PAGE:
Interpret the Charter correctly
Not allowed to make up own mind
Police force out of line
Study leaves should go
Right is independent of content
Looking at USC democracy
Simply stating his own beliefs
Poppies just aren't for everyone
Attack was personal
Toon lacked accuracy
Attack was personal
Re: "A hard look at debate and freedom" Nov. 30
To the Editor:
This is in response to several letters that have been posted in this paper regarding the "freedom of speech" controversy. Mainly, I am replying to Patrick Brown, from the department of psychology and his statements that "to live in an open society, the price of admission is occasionally being offended."
What a sad comment to make. Perhaps I am not the most educated person on this issue, but I do have on advantage over the professor I WAS THERE!
Now, you might argue that freedom of speech is a right, a necessity for a free and open society. On that point, I do have to agree. However, how do we prioritize the various rights that we are given? What happens when one person's rights conflict with those of another? This is the situation that we are faced with now. When a man takes it upon himself to shout eternal damnation to the world, do his rights overrule those of the offended?
Now, had he just been throwing around loose comments, making an opinion, perhaps I could be more lenient. However, having been one of the people that he referred to as a "whore" because of my "promiscuous lifestyle" (which he knows nothing of), I am forced to press the issue. You see, the moment he spoke directly to me, it stopped being a general rampage of opinions and became explicit and overt harassment and discrimination, both of which are not only immoral, but illegal.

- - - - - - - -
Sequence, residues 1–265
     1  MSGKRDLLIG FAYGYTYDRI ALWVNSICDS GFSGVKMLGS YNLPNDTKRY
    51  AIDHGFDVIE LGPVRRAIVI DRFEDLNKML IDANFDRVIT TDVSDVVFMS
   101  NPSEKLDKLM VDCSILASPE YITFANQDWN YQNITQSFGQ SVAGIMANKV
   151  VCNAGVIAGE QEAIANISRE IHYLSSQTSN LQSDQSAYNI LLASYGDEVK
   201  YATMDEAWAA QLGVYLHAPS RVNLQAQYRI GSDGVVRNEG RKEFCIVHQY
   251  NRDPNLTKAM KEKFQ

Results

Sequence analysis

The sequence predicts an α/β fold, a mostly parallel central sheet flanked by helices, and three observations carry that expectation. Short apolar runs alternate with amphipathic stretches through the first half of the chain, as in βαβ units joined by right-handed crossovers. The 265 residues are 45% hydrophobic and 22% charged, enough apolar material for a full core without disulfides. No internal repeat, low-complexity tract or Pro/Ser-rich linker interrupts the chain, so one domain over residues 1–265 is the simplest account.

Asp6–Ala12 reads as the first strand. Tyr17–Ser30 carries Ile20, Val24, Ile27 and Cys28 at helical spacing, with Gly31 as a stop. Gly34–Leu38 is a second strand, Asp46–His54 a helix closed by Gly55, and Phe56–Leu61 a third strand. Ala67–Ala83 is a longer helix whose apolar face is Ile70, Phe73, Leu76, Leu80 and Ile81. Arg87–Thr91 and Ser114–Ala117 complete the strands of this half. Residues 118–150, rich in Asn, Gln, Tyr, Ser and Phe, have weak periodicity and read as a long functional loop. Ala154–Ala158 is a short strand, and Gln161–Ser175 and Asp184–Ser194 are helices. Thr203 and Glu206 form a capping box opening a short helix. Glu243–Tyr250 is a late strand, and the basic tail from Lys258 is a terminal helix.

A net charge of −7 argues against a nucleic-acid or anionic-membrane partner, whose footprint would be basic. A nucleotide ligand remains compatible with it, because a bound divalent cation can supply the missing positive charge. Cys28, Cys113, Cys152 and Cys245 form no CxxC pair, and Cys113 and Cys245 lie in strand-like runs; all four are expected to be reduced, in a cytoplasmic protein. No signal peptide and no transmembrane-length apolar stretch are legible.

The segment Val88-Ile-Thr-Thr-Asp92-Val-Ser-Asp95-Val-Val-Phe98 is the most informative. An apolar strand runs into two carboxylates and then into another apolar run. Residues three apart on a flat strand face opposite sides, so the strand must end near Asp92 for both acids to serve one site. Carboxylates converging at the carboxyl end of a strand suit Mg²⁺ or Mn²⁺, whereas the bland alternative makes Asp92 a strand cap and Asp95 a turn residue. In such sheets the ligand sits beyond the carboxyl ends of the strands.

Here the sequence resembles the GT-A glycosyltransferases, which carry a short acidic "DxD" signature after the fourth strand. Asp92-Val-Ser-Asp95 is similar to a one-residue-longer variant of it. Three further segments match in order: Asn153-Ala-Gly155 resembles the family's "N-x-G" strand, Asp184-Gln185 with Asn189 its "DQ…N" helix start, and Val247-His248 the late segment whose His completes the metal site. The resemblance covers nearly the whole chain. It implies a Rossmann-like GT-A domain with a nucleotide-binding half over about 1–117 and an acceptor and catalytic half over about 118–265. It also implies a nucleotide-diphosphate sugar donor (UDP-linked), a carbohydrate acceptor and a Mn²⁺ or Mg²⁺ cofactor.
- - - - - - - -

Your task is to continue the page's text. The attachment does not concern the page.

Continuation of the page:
We have to bear in mind, Mr. Brown, that if freedom of speech is always completely condoned without question, society as a whole would be greatly harmed. This would re-open the flood gates to sexual harassment, racism, bigotry and scores of serious issues that we are trying so hard to combat. Remember, freedom of speech is meant to keep peace, not to justify animosity and disrespect. This occurrence went far beyond bothering me and not only because it presented a point of view different from my own (I happen to be a very open-minded person).
Rather, because it abased me as a human being. In a university setting, where the purpose is not only higher education but higher awareness, this type of offensive behaviour cannot be condoned.
I am amused at your use of the word "open," Mr. Brown. Shouldn't an "open" society be one in which I am not afraid of walking to class without first being accosted and verbally harassed?
I don't believe that I will ever forget being called a "whore" on the doorstep of the UCC, in front of dozens of onlookers. Nor will I forget the horrified looks in the eyes of others who might never have felt so insulted or offended. However, mostly, I will not forget those who defended a man's right to mistreat and abuse me in public. For the amount of damage he caused, he might as well have slapped me in the face.
If this is your definition of an "open" society, Mr. Brown, I want out.
Zita Katrine Dube